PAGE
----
Table of Contents
Advances in Orthopedic Surgery
Volume 2014, Article ID 850594, 23 pages
Review Article

Ultrastructure of Intervertebral Disc and Vertebra-Disc Junctions Zones as a Link in Etiopathogenesis of Idiopathic Scoliosis

1The Spine Center, Department of Orthopaedics, University of Colorado Denver, Aurora, CO 80045, USA
2Division of Basic Reproductive Sciences, Department of Obstetrics & Gynecology, University of Colorado Denver, Aurora, CO 80045, USA

Received 24 September 2013; Accepted 1 February 2014; Published 23 March 2014

Academic Editor: Chan S. Shim

Copyright © 2014 Evalina L. Burger et al. This is an open access article distributed under the Creative Commons Attribution License, which permits unrestricted use, distribution, and reproduction in any medium, provided the original work is properly cited.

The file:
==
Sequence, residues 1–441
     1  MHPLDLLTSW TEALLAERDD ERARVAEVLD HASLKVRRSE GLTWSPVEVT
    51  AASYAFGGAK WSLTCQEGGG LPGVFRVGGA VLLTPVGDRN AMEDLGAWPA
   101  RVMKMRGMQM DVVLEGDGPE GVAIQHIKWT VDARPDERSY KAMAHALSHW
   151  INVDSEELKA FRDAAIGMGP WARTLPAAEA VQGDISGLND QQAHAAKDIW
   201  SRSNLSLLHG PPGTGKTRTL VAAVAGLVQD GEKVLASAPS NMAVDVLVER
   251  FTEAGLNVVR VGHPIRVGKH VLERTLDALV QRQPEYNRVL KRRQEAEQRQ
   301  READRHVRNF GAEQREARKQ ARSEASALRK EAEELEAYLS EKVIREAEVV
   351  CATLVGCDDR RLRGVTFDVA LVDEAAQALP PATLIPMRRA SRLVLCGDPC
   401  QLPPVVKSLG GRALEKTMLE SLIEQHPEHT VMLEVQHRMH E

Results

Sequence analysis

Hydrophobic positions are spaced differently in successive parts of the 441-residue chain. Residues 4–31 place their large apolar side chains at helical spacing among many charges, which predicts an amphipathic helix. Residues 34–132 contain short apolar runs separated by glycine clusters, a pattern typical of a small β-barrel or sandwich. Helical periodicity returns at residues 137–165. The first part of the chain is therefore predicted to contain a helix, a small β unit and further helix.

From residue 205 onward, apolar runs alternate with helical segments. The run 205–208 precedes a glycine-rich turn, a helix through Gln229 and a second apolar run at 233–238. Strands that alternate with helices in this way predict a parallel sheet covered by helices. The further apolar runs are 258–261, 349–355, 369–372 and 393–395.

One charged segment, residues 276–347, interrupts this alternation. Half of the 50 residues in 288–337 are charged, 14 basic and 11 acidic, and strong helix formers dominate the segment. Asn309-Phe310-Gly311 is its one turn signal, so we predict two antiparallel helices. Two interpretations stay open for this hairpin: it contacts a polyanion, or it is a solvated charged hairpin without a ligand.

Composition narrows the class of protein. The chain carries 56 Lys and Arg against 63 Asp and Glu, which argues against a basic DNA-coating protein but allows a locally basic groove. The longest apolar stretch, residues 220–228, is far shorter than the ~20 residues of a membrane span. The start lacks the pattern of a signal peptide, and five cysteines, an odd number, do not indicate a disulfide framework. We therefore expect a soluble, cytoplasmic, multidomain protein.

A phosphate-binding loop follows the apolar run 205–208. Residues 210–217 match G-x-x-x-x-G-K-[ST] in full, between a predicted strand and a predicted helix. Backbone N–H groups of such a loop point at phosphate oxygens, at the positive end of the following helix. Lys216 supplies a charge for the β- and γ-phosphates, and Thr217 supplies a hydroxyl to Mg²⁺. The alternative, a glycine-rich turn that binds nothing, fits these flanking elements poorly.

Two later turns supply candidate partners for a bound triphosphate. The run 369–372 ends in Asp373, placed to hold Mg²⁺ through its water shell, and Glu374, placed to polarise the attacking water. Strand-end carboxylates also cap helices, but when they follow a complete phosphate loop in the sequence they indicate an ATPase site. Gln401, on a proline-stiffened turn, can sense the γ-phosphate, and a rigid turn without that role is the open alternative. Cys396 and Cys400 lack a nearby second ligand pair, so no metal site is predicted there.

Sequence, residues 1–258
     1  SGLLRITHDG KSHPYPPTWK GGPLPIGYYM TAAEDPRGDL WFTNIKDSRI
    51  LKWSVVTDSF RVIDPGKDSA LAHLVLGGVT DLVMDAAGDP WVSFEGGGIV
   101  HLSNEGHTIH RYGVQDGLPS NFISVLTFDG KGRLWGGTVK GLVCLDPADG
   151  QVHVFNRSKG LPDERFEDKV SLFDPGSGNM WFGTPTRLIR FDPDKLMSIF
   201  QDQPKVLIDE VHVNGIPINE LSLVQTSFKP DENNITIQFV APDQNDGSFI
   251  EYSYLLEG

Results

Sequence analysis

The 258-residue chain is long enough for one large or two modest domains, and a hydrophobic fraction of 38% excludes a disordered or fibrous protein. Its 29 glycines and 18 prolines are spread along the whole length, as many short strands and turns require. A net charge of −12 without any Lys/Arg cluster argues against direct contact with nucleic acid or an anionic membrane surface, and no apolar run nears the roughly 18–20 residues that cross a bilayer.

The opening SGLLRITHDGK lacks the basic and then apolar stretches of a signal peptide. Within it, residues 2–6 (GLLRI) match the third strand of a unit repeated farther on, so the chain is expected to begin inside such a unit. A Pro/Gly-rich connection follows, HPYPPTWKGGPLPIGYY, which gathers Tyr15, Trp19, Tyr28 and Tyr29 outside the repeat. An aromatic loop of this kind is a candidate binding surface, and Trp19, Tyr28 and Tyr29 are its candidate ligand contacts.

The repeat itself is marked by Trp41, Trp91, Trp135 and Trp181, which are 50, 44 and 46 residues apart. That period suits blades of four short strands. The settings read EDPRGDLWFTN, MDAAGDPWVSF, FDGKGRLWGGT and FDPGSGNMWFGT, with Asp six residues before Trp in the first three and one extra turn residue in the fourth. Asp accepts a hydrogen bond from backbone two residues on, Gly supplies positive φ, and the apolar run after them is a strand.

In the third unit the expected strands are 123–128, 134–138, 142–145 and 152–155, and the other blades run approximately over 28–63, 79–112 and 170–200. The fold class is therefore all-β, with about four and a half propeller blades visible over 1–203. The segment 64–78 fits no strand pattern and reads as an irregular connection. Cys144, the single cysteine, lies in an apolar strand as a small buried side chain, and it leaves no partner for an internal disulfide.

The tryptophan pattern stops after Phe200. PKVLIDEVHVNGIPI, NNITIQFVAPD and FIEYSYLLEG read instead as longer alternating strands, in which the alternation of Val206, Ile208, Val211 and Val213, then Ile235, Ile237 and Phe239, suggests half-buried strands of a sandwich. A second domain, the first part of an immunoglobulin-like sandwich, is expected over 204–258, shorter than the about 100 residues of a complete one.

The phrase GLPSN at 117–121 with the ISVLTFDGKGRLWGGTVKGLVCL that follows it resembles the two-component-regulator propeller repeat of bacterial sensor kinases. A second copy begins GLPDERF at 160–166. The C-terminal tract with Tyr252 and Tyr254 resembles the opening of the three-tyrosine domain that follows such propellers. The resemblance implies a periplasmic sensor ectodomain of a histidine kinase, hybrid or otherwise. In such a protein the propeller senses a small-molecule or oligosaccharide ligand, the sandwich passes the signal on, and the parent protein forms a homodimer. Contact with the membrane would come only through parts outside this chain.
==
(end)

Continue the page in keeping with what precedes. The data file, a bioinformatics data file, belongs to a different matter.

Background Context. There is no general accepted theory on the etiology of idiopathic scoliosis (IS). An important role of the vertebrae endplate physes (VEPh) and intervertebral discs (IVD) in spinal curve progression is acknowledged, but ultrastructural mechanisms are not well understood. Purpose. To analyze the current literature on ultrastructural characteristics of VEPh and IVD in the context of IS etiology. Study Design/Setting. A literature review. Results. There is strong evidence for multifactorial etiology of IS. Early wedging of vertebra bodies is likely due to laterally directed appositional bone growth at the concave side, caused by a combination of increased cell proliferation at the vertebrae endplate and altered mechanical properties of the outer annulus fibrosus of the adjacent IVD. Genetic defects in bending proteins necessary for IVD lamellar organization underlie altered mechanical properties. Asymmetrical ligaments, muscular stretch, and spine instability may also play roles in curve formation. Conclusions. Development of a reliable, cost effective method for identifying patients at high risk for curve progression is needed and could lead to a paradigm shift in treatment options. Unnecessary anxiety, bracing, and radiation could potentially be minimized and high risk patient could receive surgery earlier, rendering better outcomes with fewer fused segments needed to mitigate curve progression.